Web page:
If you have an annual income and net worth greater than or equal to $107,000, you may invest up to 10 percent of the lesser of your annual income or net worth.
Regardless of above no investor is permitted to purchase more than $107,000 worth of securities in any 12-month period.
Holders of securities sold in a crowdfunding offerings will generally be required to hold all securities purchased for a least one year before engaging in sales.
The circumstances in which the issuer may cancel an investment commitment
Issuers can cancel an Investors investment under these circumstances:
Issuers are required to report all material changes while selling securities. Investors are notified of the change and have 5 days to reconfirm their investment or it is cancelled. The offering is also extended an additional 5 days. A notice will be sent out to the investor with the reason for the cancellation and the investment will be refunded if funds were collected. All communications will be by email to the Investors registered email address on the portal.
If the target investment is not met, the investment is cancelled and returned to the Investor.
The escrow agent bank will perform and Anti-Money Laundering check which is standard practice at a bank. Should this come back negative the Investor funds will be returned.
The limitations on an investor’s right to cancel an investment commitment
Investors have a right to cancel their investment in these circumstances
Once the Issuer has met its target investment amount the site will reflect that it has reach the target and is no longer accepting investments. A notice from Jumpstart Micro will go to Investors to inform them and Investors will be given 48 hours to cancel their investment. If not cancelled, Investors are required to make their committed investment if he was not already made.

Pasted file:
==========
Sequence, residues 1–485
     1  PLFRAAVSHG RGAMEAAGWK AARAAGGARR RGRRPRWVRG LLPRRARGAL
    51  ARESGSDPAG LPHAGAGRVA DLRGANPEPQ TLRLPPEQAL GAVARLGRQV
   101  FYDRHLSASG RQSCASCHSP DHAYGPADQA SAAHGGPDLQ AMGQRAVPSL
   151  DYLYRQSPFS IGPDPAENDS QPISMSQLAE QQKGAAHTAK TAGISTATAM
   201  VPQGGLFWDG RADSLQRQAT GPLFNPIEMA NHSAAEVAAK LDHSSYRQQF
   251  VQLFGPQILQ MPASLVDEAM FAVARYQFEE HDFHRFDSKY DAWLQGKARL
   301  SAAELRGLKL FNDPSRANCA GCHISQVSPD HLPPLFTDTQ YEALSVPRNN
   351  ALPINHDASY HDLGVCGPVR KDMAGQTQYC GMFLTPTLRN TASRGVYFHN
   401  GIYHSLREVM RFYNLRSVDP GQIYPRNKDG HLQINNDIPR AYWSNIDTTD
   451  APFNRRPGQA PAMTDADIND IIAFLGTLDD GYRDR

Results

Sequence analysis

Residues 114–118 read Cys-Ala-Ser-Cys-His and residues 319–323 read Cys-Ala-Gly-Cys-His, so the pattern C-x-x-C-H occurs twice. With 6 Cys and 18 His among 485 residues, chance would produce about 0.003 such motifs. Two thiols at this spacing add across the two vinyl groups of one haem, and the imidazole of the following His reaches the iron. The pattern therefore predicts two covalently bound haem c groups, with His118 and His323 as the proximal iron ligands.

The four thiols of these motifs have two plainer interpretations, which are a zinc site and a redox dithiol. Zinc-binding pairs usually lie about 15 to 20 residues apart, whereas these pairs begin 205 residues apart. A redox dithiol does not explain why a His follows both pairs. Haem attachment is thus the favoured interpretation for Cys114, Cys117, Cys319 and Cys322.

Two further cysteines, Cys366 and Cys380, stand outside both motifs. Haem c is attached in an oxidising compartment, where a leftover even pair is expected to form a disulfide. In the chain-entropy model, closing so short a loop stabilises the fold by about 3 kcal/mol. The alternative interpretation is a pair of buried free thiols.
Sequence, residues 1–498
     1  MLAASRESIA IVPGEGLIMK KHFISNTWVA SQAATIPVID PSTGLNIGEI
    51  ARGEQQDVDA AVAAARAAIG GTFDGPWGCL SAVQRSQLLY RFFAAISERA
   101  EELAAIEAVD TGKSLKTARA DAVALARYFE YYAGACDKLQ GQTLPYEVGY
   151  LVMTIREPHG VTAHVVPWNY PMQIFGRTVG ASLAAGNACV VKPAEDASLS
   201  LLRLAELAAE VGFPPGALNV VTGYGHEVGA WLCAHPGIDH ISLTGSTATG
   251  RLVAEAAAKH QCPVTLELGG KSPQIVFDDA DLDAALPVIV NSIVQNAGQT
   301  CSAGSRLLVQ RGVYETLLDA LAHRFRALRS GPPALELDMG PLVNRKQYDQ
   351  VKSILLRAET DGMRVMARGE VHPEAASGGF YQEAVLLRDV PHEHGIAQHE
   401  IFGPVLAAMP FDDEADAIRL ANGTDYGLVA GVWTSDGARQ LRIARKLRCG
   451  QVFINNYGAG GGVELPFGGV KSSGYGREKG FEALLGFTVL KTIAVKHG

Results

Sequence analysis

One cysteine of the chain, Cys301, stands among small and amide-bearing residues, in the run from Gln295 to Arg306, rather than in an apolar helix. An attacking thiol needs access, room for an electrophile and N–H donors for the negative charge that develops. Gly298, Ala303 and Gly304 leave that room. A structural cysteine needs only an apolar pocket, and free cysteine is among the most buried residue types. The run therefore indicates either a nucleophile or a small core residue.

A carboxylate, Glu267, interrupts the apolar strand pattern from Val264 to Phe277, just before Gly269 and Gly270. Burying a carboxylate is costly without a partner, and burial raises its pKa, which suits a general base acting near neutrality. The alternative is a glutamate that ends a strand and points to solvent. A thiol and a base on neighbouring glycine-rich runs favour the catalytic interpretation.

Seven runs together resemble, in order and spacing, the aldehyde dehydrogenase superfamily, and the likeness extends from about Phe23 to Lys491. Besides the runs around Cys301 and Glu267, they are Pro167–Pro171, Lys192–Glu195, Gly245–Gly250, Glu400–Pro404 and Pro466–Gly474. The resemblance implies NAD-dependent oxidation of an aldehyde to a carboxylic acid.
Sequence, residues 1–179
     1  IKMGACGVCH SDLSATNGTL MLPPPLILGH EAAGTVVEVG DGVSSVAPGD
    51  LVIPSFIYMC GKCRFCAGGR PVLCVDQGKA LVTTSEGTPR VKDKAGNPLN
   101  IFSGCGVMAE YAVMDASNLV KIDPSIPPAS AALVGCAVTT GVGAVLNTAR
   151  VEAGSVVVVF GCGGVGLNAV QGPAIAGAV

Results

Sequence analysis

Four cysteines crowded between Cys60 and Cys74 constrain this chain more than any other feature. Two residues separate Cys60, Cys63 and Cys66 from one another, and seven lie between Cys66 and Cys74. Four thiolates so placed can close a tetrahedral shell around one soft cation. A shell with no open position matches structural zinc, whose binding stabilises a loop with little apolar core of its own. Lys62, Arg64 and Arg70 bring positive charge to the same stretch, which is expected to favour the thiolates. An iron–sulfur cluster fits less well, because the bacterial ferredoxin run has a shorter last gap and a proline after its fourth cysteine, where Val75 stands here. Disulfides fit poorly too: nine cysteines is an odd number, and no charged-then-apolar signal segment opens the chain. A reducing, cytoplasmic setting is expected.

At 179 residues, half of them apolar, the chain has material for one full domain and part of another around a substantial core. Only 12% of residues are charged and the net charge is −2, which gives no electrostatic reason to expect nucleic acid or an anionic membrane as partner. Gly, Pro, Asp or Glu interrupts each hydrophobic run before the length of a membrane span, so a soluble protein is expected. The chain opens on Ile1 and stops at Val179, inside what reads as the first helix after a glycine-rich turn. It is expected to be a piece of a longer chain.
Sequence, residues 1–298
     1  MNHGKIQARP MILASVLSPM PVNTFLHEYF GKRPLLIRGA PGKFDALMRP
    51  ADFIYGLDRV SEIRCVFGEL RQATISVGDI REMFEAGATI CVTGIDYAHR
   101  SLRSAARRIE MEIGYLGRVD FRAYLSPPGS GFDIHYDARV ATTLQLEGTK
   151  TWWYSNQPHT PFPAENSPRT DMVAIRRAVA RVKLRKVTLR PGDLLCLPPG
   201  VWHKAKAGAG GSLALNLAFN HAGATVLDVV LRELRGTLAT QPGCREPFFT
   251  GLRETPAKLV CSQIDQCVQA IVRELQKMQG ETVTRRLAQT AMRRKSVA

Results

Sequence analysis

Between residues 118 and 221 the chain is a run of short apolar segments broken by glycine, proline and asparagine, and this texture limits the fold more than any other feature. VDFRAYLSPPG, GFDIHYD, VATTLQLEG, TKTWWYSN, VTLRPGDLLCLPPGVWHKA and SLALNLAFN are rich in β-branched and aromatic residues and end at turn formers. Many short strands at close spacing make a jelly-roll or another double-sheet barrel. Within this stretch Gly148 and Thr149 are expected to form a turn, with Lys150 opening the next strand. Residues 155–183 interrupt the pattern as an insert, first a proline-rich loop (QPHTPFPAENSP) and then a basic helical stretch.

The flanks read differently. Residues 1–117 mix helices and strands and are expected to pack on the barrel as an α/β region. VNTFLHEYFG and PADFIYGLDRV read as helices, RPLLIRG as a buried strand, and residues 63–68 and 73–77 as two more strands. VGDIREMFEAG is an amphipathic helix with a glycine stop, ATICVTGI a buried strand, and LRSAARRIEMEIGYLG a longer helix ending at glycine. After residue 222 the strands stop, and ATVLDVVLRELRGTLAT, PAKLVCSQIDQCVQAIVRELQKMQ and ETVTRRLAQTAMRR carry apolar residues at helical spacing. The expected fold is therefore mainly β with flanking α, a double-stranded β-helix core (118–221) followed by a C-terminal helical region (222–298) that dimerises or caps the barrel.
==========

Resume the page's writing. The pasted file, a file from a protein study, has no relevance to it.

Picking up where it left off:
Investors are notified of any material changes and given 5 days to reconfirm their investment before it is cancelled.
The need for the investor to consider whether investing in a security offered and sold is appropriate for him or her
This disclosure identifies a number of risks for investors which include the potential loss of investment, lack of control as a minority shareholder, the unpredictable future of the Company and potentially long term nature of investing in early stage companies. Each Investor should consider these risks seriously and seek any advice needed before making an investment.
Following completion of an offering, there may or may not be any ongoing relationship between the issuer and Jumpstart Micro.
Jumpstart Micro is a Crowdfunding Portal to bring Issuers and Investors together. Once an Issuer has completed their offering there may or may not be an on-going relationship between Jumpstart Micro and the Issuer. Investors will own securities in the Issuer and will have a direct relationship with them regarding the securities. Jumpstart Micro will be available should the Issuer choose to offer additional securities (Issuers can offer up to $1,070,000 each year) and may in the future offer other services to help with annual reports and consulting. Investors should understand this change to working directly with the Issuer once the transaction is complete.
Information Disclosed by Issuers (Note JSM works through process with Issuer)
This information will be disclosed by Issuers to Investors
Information about officers and directors as well as owners of 20 percent or more of the issuer
A description of the issuer’s business and the detailed use of proceeds from the offering
price to the public of the securities or the method for determining
the price, the target offering amount, the deadline to reach the
target offering amount, and whether the issuer will allow an over-subscription of the offering
A discussion of the issuer’s financial condition including certified, reviewed or audited financial information using Generally Accepted Accounting Principals
Copy of FORM C Offering Statement filed with SEC with legend stating the risks of investing in a crowdfunding transaction
Breakdown of compensation to Jumpstart Micro and other costs associated with the offering